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Transportation in plants

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How does water move through plants to get to the top of tall trees? Unlike animals, plants lack a metabolically active pump like the heart to move fluid in their vascular system. Instead, water movement is passively driven by pressure and chemical potential gradients.
"Faultless transport system in plants is the product of an awesome design".

Plants continue to evolve as a species and sustain their life form by transporting water and minerals from the roots to all parts including tips of the leaves, while defying gravity. The food made out of photosynthesis is transported from leaves to the roots, the younger top regions of the plant, the flowers and fruits. The movement of food from leaves to other parts of the plant is called translocation.

Have you ever wondered how water performs its gravity-defying act of moving upward from the roots to the leaves of a plant which is very tall? What kind of pumps these trees have? Furthermore, how do plants disperse these substances, which they have taken up through their roots, i.e. send them to different regions of their bodies? What methods do they use while carrying out these difficult processes? While answering these questions, we may note that it is quite a difficult job to raise water up to heights of hundreds of meters and plants do not have circulation pump like heart in case of animals. They use two different systems – xylem moves water and solutes from the roots to the leaves, phloem moves food substances from leaves to the rest of the plant. Both of these systems are rows of cells that make continuous tubes running the full length of the plant.

Xylem - Drink up; Phloem – It's alive Xylem moves water and solutes from the roots to the leaves – phloem moves food substances from leaves to the rest of the plant.
Plant transport tissues

Xylem vessels are involved in the movement of water through a plant - from its roots to its leaves via the stem. During this process, water is absorbed from the soil through root hair cells, moves by osmosis from root cell to root cell until it reaches the xylem, transported through the xylem vessels up the stem to the leaves and evaporates from the leaves.

Phloem vessels are involved in translocation. Dissolved sugars, produced during photosynthesis, and other soluble food molecules are moved from the leaves to growing tissues and storage tissues .In contrast to xylem, phloem consists of columns of living cells. The cell walls of these cells do not completely break down, but instead form small holes at the ends of the cell. The ends of the cell are referred to as sieve plates. The connection of phloem cells effectively forms a tube which allows dissolved sugars to be transported.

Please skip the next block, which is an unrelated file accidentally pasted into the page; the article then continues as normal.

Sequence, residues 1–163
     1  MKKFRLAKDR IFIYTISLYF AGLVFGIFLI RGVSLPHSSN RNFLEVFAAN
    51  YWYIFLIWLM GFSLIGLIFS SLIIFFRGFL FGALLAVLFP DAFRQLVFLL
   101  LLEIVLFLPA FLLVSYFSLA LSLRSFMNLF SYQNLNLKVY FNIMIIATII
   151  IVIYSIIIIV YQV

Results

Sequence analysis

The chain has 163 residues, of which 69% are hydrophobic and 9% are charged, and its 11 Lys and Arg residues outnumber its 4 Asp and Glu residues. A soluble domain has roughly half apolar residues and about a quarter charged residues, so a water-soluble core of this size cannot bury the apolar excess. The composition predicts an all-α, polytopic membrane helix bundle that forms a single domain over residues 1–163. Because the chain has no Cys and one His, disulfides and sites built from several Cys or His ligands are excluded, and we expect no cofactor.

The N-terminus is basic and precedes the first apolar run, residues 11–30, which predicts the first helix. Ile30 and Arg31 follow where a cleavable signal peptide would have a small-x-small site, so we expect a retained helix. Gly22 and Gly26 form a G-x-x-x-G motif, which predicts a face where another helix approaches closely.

Forces involved during water transport in plants Hydrogen bonds make water molecules stick together, a process known as cohesion. When water molecules form hydrogen bonds with other molecules, such as carbohydrates, it is called adhesion.
The driving forces behind water movement in plants

The pulling forces and energy needed to transport minerals and water against gravity involves: free energy of the water potential gradient, free energy of evaporation, force of surface tension and force of hydrogen bonding between water molecules. Each force can be communicated to the next because water forms a strong continuous chain from root to leaf.

Water moves from root to leaf because of the water potential gradient which is highest in the water surrounding the roots and lowest in the air space within the spongy parenchyma of the leaf. The energy of evaporation is needed to pull molecules away from the film of water over air spaces within the spongy parenchyma.

As more molecules evaporate from the film of water molecules ,the curvature of the meniscus increases which in turn increases the surface tension. Water from surrounding cells and air spaces will then be pulled towards this area to reduce the tension. Finally these forces are communicated to water molecules within the xylem because each water molecule is bound to the next by hydrogen bonds.

Pathway of water: From soil – roots – xylem The movement of water continues across the root hairs, into the root cells, and then enters the xylem. The xylem acts as the vessels inside the plant that carries water and minerals from the root hairs to the stem and leaves.
How Water and Minerals move up?

Plants do not have a metabolically active pump like the heart to move fluid in their vascular system. Water movement is passively driven by pressure and chemical potential gradients in plants. Water and minerals are mainly absorbed by roots, which goes upwards so as to replace water loss in transpiration and to be used in photosynthesis.